How would it affect our economy if all income taxes from wages were set at a flat rate of 10% with a $20,000 standard deduction, but investment and dividend income were taxed at the current progressive rates applied to income (e.g., marginal rate of 35%)? This would make labor cheaper and dramatically increase consumer spending, which is supposedly responsible for 2/3 the economic activity in the country. Wouldn't consumer spending drive investment as surely as low tax rates, but with the added bonus of immmediately raising living standards for the vast majority (the real goal, I should hope, of any economic policy)? I resent the fact that I pay much higher taxes now than a trust fund babe.
Honoring labor in the tax code is not a quaint idea, but may be the way for liberals to re-connect with the working classes who have been distracted by the social conservative agenda into voting for lower taxes for their bosses, paid for by less government service (higher cost of secondary education, worse K-12 schools, worse roads = more wear and tear on vehicles, closure of hospitals, etc.). Thoughts? Anybody willing to buck the Standard Economic Orthodoxy that says that cutting taxes on investment is the only option for economic growth?
Posted by The Law Talking Guy at 1:35 PM
Tuesday, April 04, 2006
It looks like Massachusetts has found a way to achieve near universal coverage. A pattern for the nation? The Democrats' plan for 2008? Mitt Romney (Republican governor and presidential wannabe) has yet to sign the bill, but it passed almost unanimously.
The bill requires all Massachusetts residents to obtain health coverage by July 1, 2007. Those who can afford insurance will be penalized on state income taxes if they do not purchase it, but all insurance plans will be fully tax deductible for individuals and small businesses (50 employees or less). Businesses with more than 10 employees will be assessed tax fines of up to $295 per employee per year. Reports on the bill suggest that 95% of uninsured, 99% of all, will be insured within three years. The state will also subsidize plans for those under 26 and those making 300% of the poverty line or less. Interesting idea.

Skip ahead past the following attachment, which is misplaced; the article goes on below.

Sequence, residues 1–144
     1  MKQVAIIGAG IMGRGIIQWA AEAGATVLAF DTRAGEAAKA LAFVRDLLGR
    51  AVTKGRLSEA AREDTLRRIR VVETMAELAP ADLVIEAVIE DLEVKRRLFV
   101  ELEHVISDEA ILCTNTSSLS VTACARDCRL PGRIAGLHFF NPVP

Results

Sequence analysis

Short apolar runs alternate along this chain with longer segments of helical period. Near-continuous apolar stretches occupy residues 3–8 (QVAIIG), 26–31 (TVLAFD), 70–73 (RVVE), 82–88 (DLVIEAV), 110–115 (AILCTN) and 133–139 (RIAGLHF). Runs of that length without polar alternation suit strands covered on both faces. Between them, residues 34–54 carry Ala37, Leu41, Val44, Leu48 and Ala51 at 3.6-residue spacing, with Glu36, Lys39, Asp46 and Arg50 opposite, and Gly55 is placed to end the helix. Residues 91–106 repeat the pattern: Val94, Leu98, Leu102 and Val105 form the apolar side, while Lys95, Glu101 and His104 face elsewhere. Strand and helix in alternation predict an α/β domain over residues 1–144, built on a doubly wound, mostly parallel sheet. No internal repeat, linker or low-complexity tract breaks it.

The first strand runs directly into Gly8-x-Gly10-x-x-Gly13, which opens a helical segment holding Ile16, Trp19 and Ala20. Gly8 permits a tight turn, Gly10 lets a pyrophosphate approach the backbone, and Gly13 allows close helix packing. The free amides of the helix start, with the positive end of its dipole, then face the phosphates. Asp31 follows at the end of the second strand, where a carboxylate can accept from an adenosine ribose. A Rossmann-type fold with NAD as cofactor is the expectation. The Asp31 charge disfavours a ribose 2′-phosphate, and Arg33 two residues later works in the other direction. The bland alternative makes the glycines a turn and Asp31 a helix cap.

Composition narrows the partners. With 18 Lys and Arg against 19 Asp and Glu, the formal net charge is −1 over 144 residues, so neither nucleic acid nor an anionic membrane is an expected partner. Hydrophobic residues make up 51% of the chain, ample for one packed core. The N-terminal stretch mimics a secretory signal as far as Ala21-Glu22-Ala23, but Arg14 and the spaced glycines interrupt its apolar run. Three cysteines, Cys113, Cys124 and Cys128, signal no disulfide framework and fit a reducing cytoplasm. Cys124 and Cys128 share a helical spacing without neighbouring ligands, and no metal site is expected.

It seems to spread the cost of the uninsured to both government and businessesm, but is an "individual mandate." I have not seen cost estimates, but the NYTimes reports that it is expected to cost only $1.2 billion more in total, almost all of it federal money for some reason, and is not expected to cost any more money after three years. Presumably the cost of not having to pay for uninsured is being used to, well, pay for insurance.
Posted by The Law Talking Guy at 9:16 PM
Ever intellectually dishonest and hypocritcal, the same conservative Republicans who have railed against the filibuster for 5 years have now discovered it again. McCain announced this morning that he cannot get the 60 votes at this time to overrule the expected REPUBLICAN filibuster against an immigration bill containing a guest worker program. Bush is helpless to push his party towards such a program, which he claims he wants, at least in front of hispanic audiences.
It just steams me. Will the Democrats jump up and down on the hypocrisy? No, of course not. When your spine is made of jello, it's hard to jump.
Posted by The Law Talking Guy at 12:00 PM
Monday, April 03, 2006
They punted on Padilla again.
Mr. Jose Padilla is an American citizen, arrested peacefully on American soil, who was about to go to trial in New York in June 2002 when the Bush administration announced he had tried to build a "dirty" (radioactive) bomb, labeled him an "enemy combatant," and locked him up in the brig. Mr. Padilla's lawyers appealed on his behalf, demanding for Mr. Padilla the simple right to be charged with a crime--a right for free men as old as the Magna Carta.